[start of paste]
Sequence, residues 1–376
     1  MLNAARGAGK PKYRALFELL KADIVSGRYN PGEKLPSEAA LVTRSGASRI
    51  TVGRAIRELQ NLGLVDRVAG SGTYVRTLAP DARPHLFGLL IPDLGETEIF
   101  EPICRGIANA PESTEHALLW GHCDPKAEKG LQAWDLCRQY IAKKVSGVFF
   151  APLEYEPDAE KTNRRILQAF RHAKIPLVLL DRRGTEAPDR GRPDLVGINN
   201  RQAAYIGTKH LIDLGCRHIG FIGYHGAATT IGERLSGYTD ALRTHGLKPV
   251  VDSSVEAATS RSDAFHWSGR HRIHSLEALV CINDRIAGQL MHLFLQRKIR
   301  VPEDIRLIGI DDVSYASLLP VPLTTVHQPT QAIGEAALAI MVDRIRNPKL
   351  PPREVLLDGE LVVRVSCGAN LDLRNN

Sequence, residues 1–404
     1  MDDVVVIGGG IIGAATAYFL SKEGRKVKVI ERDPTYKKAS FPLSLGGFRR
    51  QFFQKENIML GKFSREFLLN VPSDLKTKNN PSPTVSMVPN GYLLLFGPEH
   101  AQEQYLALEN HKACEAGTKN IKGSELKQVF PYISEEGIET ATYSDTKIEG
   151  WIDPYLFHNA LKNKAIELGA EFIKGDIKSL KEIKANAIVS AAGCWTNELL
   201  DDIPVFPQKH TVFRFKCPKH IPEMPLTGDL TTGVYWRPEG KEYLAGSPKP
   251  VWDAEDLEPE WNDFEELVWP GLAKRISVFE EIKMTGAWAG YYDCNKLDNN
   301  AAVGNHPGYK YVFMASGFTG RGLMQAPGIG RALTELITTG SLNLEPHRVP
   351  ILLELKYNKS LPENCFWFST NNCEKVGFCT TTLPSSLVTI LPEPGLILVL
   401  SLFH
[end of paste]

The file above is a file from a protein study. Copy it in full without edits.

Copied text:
Sequence, residues 1–376
     1  MLNAARGAGK PKYRALFELL KADIVSGRYN PGEKLPSEAA LVTRSGASRI
    51  TVGRAIRELQ NLGLVDRVAG SGTYVRTLAP DARPHLFGLL IPDLGETEIF
   101  EPICRGIANA PESTEHALLW GHCDPKAEKG LQAWDLCRQY IAKKVSGVFF
   151  APLEYEPDAE KTNRRILQAF RHAKIPLVLL DRRGTEAPDR GRPDLVGINN
   201  RQAAYIGTKH LIDLGCRHIG FIGYHGAATT IGERLSGYTD ALRTHGLKPV
   251  VDSSVEAATS RSDAFHWSGR HRIHSLEALV CINDRIAGQL MHLFLQRKIR
   301  VPEDIRLIGI DDVSYASLLP VPLTTVHQPT QAIGEAALAI MVDRIRNPKL
   351  PPREVLLDGE LVVRVSCGAN LDLRNN

Sequence, residues 1–404
     1  MDDVVVIGGG IIGAATAYFL SKEGRKVKVI ERDPTYKKAS FPLSLGGFRR
    51  QFFQKENIML GKFSREFLLN VPSDLKTKNN PSPTVSMVPN GYLLLFGPEH
   101  AQEQYLALEN HKACEAGTKN IKGSELKQVF PYISEEGIET ATYSDTKIEG
   151  WIDPYLFHNA LKNKAIELGA EFIKGDIKSL KEIKANAIVS AAGCWTNELL
   201  DDIPVFPQKH TVFRFKCPKH IPEMPLTGDL TTGVYWRPEG KEYLAGSPKP
   251  VWDAEDLEPE WNDFEELVWP GLAKRISVFE EIKMTGAWAG YYDCNKLDNN
   301  AAVGNHPGYK YVFMASGFTG RGLMQAPGIG RALTELITTG SLNLEPHRVP
   351  ILLELKYNKS LPENCFWFST NNCEKVGFCT TTLPSSLVTI LPEPGLILVL
   401  SLFH